This is a photo of the Cruise Room, a vintage bar inside the Oxford Hotel in Lodo in Denver. A really great space, about as tall as it is wide ( a bit distorted here with a wide-angle lense).
Palladio’s general scheme for the space of a room was to make it as high as the room is wide. In a proto-typical villa, with a central hall and then two or three rooms on each side, the architectural section is then incredibly varied. For most of us accustomed to living in typical builder homes, a 10′ high ceiling seems large, 12′ positively huge. I think this predominantly horizontal aspect then from which we view the world sets the horizontal ratio of televisions, monitors, car windshields, etc. and this then further frames how we see the world. When I lived and worked in Chicago, with the predominant horizontal line of Lake Michigan to the east, even the tallest building seemed to fit within this kind of a frame. However, out here in the mountain west, with a vertical range of plains at 5,280 feet above sea level and peaks over 14,000 feet, it doesn’t seem to apply. The remarkable “spaciousness” of the West may have more to do with this than the wide panoramas of basins and ranges.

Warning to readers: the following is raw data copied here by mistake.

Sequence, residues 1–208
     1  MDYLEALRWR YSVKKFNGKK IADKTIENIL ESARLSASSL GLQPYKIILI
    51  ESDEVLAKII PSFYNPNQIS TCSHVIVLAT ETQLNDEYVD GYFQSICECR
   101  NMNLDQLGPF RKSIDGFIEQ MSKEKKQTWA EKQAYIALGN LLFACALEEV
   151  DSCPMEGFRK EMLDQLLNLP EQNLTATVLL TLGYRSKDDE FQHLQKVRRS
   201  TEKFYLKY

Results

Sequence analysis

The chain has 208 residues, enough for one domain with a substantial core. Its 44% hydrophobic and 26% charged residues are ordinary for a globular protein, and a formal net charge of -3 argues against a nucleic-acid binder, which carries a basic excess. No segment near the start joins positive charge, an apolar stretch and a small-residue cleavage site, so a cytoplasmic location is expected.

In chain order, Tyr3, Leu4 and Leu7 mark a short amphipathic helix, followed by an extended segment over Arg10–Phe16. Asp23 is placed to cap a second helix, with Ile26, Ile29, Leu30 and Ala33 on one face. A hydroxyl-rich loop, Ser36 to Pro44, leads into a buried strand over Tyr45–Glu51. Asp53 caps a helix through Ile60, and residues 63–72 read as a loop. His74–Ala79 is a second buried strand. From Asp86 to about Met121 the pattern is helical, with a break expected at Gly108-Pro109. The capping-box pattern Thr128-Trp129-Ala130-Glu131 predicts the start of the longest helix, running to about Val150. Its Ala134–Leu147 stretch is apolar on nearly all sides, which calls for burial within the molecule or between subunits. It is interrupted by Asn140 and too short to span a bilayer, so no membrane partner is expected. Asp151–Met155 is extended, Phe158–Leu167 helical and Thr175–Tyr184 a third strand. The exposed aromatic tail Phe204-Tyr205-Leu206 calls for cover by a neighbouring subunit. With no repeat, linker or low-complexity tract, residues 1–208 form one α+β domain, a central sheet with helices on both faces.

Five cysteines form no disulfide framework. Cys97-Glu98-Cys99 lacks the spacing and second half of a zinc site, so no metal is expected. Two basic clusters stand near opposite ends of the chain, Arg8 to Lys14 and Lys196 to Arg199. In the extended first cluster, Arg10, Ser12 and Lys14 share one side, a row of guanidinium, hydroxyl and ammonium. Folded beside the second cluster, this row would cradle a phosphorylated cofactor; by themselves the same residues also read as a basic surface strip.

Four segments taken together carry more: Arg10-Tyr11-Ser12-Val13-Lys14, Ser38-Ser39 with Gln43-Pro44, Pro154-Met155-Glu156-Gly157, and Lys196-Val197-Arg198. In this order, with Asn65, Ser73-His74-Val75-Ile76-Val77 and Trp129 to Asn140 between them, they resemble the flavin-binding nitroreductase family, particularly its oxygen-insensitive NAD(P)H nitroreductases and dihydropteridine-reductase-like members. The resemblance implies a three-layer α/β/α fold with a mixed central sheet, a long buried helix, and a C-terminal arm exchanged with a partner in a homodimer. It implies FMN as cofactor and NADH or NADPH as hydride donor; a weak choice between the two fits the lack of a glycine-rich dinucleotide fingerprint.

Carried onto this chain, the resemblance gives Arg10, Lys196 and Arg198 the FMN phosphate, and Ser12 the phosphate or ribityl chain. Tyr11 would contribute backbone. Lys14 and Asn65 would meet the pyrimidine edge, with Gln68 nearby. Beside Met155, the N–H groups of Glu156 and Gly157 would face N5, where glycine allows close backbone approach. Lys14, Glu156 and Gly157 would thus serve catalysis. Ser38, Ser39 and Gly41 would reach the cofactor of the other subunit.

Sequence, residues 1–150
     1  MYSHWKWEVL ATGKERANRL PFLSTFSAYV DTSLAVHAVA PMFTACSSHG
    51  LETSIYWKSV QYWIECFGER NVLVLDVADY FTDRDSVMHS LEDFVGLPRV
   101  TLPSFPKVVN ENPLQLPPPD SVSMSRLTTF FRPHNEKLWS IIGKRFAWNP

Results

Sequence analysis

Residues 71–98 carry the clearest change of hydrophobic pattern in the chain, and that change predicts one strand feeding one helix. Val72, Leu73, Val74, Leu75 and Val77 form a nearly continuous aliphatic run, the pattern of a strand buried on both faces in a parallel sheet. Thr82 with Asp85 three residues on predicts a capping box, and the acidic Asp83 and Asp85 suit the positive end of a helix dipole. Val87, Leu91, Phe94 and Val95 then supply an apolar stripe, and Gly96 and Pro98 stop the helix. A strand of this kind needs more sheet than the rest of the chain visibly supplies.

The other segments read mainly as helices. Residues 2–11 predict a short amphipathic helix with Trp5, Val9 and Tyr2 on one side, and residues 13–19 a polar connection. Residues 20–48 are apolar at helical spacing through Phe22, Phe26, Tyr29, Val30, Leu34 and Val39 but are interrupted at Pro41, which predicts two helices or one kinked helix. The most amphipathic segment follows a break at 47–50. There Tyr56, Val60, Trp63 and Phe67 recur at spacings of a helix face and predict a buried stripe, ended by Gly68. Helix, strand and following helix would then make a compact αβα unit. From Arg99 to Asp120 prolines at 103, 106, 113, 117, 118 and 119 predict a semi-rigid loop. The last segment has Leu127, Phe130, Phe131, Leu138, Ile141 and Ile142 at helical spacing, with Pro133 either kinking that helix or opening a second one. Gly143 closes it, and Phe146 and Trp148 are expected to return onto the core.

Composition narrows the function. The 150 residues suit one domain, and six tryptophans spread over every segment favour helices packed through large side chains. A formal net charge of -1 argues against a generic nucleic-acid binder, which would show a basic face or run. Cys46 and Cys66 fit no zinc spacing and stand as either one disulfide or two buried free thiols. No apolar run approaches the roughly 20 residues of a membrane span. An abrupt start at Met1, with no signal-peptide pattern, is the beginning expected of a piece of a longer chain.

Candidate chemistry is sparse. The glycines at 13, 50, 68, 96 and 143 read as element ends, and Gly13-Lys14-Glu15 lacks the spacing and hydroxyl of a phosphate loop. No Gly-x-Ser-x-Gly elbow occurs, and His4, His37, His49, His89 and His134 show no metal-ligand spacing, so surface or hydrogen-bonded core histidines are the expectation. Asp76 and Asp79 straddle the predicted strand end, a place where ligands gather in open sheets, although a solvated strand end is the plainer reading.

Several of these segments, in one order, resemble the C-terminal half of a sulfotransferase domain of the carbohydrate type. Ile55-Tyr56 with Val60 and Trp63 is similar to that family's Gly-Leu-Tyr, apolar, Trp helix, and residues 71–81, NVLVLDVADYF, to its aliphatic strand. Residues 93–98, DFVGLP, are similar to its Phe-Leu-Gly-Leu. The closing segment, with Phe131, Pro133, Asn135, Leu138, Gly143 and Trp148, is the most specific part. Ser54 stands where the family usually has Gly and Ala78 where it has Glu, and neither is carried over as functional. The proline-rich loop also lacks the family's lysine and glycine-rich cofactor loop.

The Cruise Room serves pretty good drinks too. And you gotta love that red.
Photograph by Mark Gerwing, 2008.